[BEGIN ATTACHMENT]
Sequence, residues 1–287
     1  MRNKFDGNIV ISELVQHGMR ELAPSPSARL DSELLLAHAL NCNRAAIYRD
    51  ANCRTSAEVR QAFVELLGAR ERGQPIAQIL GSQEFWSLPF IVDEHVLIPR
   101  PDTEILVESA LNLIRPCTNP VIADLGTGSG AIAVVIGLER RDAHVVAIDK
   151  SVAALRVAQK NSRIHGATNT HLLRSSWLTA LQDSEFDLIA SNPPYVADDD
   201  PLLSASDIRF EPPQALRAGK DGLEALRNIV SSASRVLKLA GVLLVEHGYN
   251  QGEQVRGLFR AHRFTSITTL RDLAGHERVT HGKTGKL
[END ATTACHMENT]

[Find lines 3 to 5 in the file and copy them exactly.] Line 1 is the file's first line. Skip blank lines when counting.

    51  ANCRTSAEVR QAFVELLGAR ERGQPIAQIL GSQEFWSLPF IVDEHVLIPR
   101  PDTEILVESA LNLIRPCTNP VIADLGTGSG AIAVVIGLER RDAHVVAIDK
   151  SVAALRVAQK NSRIHGATNT HLLRSSWLTA LQDSEFDLIA SNPPYVADDD